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Orders of the Day — BSE Crisis

Part of the debate – in the House of Commons at 7:15 pm on 17th February 1997.

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Photo of Mr Jerry Wiggin Mr Jerry Wiggin , Weston-Super-Mare 7:15 pm, 17th February 1997

I shall begin by apologising to the House for having to be absent for a few minutes, but the progress of Government business is such that it was necessary to take action on tomorrow's rather unpleasant experience, and we shall have to deal with that when it happens.

It is a pleasure to follow the hon. Member for West Lancashire (Mr. Pickthall), but I fear that I may disappoint him about who to blame for what has taken place. Not enough has been said about the disastrous effect on this whole affair of the leak that appeared in the Daily Mirror on 19 March. It is unreasonable to ask Ministers to deal with such an important and vital crisis at the drop of a hat. A day or two's thought should have been given to how the case should have been presented. Some of the questions that were asked would have been asked behind the scenes and answers would have been available.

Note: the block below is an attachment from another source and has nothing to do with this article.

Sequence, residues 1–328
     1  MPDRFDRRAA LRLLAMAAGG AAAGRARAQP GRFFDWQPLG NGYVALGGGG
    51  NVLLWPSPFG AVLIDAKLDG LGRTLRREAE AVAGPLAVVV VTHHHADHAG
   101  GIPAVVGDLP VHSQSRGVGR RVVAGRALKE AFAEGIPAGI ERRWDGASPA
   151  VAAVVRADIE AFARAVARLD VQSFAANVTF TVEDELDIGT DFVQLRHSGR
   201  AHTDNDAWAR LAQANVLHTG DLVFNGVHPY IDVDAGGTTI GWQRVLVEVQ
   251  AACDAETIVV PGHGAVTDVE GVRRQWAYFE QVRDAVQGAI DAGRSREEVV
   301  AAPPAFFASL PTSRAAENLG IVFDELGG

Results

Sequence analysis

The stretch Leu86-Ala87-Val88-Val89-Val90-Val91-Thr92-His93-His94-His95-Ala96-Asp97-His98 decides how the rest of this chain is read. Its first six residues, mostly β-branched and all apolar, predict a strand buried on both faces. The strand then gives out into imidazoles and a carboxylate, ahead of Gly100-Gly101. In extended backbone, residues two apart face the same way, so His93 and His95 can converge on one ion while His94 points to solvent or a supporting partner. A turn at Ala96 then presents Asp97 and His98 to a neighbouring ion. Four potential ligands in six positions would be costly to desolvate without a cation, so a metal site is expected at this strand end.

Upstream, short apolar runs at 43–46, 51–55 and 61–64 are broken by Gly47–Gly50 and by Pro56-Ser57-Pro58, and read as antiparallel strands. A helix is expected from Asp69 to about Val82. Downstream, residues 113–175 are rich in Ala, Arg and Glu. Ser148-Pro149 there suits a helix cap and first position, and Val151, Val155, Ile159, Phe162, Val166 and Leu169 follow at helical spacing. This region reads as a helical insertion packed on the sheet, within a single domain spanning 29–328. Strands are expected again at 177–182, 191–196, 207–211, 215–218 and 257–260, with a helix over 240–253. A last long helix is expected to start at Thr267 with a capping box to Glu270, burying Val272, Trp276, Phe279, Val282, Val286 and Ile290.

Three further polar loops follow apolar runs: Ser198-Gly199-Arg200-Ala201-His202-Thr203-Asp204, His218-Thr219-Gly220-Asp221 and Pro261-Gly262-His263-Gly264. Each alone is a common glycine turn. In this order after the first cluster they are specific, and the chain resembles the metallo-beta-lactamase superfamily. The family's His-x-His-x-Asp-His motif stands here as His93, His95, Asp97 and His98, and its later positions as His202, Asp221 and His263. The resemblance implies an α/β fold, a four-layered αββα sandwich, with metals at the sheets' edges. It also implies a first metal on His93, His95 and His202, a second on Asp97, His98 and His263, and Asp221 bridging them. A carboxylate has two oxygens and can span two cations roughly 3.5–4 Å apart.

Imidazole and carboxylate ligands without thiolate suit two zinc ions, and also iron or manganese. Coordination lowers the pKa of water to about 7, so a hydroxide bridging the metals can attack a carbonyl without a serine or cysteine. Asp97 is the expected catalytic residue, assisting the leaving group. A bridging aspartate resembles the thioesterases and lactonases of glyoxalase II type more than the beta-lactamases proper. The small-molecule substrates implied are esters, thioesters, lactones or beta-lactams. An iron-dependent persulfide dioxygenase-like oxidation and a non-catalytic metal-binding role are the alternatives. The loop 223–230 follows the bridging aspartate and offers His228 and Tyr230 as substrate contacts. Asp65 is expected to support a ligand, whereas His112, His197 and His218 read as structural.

We seem to accept that putting in the public domain documents that have been taken—I prefer to use the word "stolen"—is good for the British public, and that by keeping them secret we are harming some unknown freedom. I doubt whether many countries would have deliberately rushed to publish such bad news or to put Ministers so severely on the spot.

The statement that was made nearly 12 months ago concerned just 10 cases that gave rise to some suspicion of a link between BSE and CJD. That link has not yet been proven. The good news is that that figure of 10 has risen to only 14 or 15, which is good evidence that there may not be a serious epidemic. Everyone is nervous about and frightened of an epidemic. When one considers that 11 or 12 people are killed on the roads every day, it puts this crisis in a different perspective. I wonder what would happen if we spent £3.5 billion on our road system.

The hon. Members for Peckham (Ms Harman) and for Edinburgh, East (Dr. Strang) spent some time denying any responsibility for the panic that struck the nation when the announcement was made. Their actions at the time were grossly unhelpful. This situation is totally unprecedented. It is not in the best interests of the British nation for everyone to run around being critical. I do not have direct quotes in front of me, but those who were present will remember clearly the inferences that were drawn, the fear that was generated and the petrol that was poured on the fire by Opposition Front Benchers.